HIba Khatkhat

How to Declutter Your Mind

You’ve heard it before: “Don’t be judgemental. Judgements are bad”. You’d be surprised to know that this isn’t necessarily always true. In fact, you need judgments. It’s how your brain works. Judgements are essentially shortcuts. Your brain processes a lot of information all at once. Judgements come in handy sometimes. For example, your brain needs to make a decision in a split second when you’re trying to cross the street or when you’re driving. It needs to act quickly to determine what’s safe and what’s not, then act or execute. Your brain is judging very quickly if something is safe to do. This is when judgments are helpful and why we can’t eliminate them.

So what’s all of this that you hear about non-judgmental people?

Well, non-judgmental people experience judgments too. What makes them non-judgemental is their awareness. Non-judgement is a skill learned through behaviour and practice. It is not a personality characteristic. And your judgment isn’t a character flaw. 

Taking a Non-Judgmental Stance

Your goal is to develop a non-judgmental stance. This mindset is about taking evaluation out, not necessarily going from negative to positive judgment. When you judge something as “good”, you’re still evaluating it. Judgements aren’t always negative. When you say “this tree is beautiful”, you’re judging the tree in a positive light. 

Black man with eyes closed with a slight smile

Taking a non-judgemental stance also doesn’t mean going from excessive negative views (aka devaluing something or someone “this is the worst thing”) to excessive positive views (idealizing something or someone “this is the best thing”). The eventual goal when you’re practicing this is that you drop judgment completely as much as possible during this practice. 

So does this mean you can never say “good job!” to a friend, loved one, or colleague? No, it doesn’t. There is inherent goodness in each person and in what they do. There’s inherent goodness and wholesomeness in the universe. The purpose is to differentiate acknowledgment from judgment. You can go back to using these words as shortcuts to comment on and respond to what is observed after you have given them up as judgements.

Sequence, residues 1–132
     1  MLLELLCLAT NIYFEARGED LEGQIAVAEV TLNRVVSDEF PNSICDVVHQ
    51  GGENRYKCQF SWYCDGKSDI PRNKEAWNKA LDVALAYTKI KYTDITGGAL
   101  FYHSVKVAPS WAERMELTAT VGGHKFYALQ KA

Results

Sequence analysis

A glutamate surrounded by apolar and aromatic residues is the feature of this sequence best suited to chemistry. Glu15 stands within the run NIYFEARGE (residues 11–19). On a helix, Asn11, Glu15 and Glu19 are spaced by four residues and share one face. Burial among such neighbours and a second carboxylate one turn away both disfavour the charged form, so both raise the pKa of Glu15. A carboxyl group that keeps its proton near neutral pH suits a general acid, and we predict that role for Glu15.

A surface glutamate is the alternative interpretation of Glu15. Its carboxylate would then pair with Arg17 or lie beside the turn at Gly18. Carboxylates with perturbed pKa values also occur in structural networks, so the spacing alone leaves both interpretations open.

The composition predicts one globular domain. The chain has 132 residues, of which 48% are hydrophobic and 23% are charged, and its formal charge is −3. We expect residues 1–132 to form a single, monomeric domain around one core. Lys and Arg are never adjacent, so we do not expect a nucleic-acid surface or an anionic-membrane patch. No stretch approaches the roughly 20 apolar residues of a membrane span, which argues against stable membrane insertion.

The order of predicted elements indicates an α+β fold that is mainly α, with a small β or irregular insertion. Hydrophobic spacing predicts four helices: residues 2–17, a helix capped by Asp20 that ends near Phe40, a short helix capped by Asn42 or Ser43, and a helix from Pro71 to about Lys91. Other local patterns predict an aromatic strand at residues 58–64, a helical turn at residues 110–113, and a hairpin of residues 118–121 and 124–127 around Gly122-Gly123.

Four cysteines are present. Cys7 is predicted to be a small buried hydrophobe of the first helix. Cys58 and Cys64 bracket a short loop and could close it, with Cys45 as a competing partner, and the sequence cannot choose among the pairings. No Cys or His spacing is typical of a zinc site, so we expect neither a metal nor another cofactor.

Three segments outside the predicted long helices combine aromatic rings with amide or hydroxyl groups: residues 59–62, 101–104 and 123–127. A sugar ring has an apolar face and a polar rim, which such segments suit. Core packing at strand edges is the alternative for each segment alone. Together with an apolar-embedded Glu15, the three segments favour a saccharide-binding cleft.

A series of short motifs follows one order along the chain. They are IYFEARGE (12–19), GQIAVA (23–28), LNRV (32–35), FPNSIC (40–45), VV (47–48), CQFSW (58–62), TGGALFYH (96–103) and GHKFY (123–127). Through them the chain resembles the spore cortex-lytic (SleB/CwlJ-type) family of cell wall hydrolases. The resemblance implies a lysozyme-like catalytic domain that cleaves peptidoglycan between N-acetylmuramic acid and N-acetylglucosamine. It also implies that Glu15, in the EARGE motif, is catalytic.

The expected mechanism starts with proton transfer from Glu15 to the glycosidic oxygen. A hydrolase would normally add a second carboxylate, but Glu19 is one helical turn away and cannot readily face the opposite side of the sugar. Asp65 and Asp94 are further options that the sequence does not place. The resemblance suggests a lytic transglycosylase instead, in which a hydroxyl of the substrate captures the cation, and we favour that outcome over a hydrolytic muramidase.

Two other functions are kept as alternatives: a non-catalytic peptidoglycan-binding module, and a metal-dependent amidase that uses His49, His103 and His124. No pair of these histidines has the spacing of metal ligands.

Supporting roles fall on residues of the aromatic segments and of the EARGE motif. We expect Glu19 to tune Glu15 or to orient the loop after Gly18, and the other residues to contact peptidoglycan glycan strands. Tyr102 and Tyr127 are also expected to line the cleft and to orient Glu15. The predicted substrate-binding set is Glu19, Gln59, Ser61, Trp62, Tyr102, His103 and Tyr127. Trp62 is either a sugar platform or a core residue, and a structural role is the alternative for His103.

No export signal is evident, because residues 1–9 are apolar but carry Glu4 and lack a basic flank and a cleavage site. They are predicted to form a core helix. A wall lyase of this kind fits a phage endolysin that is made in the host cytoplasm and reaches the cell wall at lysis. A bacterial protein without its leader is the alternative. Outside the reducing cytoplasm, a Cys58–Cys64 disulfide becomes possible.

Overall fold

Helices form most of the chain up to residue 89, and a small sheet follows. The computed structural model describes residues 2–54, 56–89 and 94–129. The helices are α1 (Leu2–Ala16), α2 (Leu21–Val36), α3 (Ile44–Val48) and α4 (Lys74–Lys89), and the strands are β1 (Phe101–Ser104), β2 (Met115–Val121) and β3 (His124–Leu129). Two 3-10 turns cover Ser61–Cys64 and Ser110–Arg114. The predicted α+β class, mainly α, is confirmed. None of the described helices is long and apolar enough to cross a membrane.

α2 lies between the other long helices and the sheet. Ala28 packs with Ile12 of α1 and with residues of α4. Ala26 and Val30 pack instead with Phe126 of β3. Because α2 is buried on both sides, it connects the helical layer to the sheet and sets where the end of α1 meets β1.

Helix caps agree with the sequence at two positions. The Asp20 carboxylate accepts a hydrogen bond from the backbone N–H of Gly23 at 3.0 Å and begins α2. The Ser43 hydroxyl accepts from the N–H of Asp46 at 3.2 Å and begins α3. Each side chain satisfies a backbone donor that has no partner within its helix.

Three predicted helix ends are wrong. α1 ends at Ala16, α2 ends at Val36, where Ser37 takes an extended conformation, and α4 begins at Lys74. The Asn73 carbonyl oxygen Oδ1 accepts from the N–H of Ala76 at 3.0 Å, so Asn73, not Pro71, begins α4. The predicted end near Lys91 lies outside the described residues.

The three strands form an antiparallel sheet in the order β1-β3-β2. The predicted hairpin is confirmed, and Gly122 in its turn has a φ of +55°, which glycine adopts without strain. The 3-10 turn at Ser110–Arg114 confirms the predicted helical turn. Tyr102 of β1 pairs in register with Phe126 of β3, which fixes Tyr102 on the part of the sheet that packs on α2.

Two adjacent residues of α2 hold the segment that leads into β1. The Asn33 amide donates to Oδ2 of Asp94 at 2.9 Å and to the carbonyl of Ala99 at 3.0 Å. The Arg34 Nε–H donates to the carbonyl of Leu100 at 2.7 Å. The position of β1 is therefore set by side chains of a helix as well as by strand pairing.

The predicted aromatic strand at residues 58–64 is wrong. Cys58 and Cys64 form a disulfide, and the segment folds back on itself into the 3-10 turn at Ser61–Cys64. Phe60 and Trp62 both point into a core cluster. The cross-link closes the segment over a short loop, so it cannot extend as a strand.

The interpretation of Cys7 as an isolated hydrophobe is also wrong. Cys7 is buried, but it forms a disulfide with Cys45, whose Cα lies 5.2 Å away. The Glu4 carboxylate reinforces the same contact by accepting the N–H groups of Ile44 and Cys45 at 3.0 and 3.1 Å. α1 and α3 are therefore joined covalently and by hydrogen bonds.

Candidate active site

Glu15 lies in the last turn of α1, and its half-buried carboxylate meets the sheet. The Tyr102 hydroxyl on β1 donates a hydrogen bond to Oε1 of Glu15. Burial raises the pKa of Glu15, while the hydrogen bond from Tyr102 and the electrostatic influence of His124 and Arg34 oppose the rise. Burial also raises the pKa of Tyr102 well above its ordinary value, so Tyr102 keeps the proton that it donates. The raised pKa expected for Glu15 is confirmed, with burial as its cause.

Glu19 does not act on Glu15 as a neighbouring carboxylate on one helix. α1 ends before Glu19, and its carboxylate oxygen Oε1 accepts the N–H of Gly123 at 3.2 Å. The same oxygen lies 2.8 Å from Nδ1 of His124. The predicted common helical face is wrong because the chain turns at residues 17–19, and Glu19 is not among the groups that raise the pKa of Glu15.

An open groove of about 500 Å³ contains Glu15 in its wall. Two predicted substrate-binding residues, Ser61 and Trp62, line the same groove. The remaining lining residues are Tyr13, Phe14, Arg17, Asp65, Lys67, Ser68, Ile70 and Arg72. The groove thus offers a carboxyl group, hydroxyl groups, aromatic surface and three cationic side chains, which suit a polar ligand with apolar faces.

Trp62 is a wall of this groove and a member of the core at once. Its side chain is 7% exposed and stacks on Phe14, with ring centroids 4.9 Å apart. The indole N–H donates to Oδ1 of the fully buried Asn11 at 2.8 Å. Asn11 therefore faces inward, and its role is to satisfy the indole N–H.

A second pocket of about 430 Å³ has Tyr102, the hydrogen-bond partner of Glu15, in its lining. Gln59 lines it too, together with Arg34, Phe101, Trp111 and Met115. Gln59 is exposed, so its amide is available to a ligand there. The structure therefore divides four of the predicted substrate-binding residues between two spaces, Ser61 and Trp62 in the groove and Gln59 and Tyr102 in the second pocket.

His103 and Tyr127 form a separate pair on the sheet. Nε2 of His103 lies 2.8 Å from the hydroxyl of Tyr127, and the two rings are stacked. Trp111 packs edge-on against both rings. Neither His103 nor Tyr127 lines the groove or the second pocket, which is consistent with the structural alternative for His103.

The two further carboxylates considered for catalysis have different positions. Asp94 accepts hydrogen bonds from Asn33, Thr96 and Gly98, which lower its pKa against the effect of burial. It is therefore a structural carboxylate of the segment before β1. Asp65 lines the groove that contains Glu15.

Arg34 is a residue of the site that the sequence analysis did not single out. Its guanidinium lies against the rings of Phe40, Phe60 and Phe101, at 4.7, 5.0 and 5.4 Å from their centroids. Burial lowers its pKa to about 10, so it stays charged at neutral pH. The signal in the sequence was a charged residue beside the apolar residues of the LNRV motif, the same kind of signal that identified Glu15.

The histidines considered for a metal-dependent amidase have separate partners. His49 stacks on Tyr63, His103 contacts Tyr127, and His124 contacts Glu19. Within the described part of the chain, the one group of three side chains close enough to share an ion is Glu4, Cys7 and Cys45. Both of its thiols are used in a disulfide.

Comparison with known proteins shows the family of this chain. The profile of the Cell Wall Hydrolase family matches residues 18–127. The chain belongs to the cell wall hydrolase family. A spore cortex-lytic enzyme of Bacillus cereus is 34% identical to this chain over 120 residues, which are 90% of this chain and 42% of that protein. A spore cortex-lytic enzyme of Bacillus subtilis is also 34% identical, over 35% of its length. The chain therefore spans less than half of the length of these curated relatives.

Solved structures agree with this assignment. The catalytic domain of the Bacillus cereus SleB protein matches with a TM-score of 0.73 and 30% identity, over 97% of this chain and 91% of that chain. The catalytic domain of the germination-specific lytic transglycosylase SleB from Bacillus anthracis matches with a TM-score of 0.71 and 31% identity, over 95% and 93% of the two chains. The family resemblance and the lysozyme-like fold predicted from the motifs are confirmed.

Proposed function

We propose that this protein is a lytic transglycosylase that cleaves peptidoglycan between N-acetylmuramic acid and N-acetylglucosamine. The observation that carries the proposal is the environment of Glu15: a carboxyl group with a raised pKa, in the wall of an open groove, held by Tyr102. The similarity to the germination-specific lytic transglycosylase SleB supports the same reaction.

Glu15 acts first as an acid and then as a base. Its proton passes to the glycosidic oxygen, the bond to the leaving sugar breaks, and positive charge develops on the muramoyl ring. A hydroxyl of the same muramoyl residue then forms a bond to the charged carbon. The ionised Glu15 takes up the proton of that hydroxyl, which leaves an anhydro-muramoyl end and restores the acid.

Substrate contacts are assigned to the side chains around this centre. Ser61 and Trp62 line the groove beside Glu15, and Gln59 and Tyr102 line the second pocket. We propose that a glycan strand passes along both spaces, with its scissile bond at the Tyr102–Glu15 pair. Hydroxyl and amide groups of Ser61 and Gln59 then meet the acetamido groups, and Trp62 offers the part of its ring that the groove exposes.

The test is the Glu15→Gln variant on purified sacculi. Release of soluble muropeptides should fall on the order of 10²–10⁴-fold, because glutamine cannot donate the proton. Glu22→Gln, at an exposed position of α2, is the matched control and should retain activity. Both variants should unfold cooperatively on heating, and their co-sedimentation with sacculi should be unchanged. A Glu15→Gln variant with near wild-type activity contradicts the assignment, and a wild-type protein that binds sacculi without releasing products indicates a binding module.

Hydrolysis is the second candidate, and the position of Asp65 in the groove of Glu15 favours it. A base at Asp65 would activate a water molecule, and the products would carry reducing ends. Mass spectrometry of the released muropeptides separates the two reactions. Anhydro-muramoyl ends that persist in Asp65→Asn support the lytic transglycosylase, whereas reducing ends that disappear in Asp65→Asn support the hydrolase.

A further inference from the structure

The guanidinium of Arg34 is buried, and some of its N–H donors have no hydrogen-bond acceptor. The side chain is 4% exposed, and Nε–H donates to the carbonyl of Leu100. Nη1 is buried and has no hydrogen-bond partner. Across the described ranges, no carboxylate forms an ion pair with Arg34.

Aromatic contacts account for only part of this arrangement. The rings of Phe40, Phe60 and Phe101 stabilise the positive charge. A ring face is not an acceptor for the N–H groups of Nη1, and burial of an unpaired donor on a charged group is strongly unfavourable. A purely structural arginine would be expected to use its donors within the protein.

The Intention in Practice: An Example

You do something hurtful. You can acknowledge the behaviour was hurtful and it had unwanted and maybe even unintended consequences on someone you care about. You might say “I did a bad thing” as a shortcut to observable behaviour and its outcomes. And you may even attempt to repair the hurt. You might feel guilty or ashamed about the behaviour but not WHO YOU ARE!


Now, if you think and say “I’m a terrible person for doing this”; this would be a judgement about who you are. And this would intensify the shame and guilt, and maybe even bring on feelings of worthlessness. This will keep you stuck. You are more likely to avoid, suppress, and block things in this scenario. You’re also more likely to not repair it. In other words, you’re more likely to do things that make the situation worse for you and the other person. This is one of the main differences between the 2 situations. And when judgements can turn into assumptions and interpretations. You start to tell yourself a story.   

What Can You Do?

Start catching your judgements. Follow these steps:

Step One: Build Your Awareness

Because you’ve probably associated the word judgement with negativity, you can actually practice noticing ALL judgements, positive and negative. A fun light-hearted way to do this is to get a counter clicker, and then click it every time you notice a judgement. You can do this for a short period of time or the whole day. It’s up to you. The main thing here is to notice and observe your judgements. This helps you become more aware of them.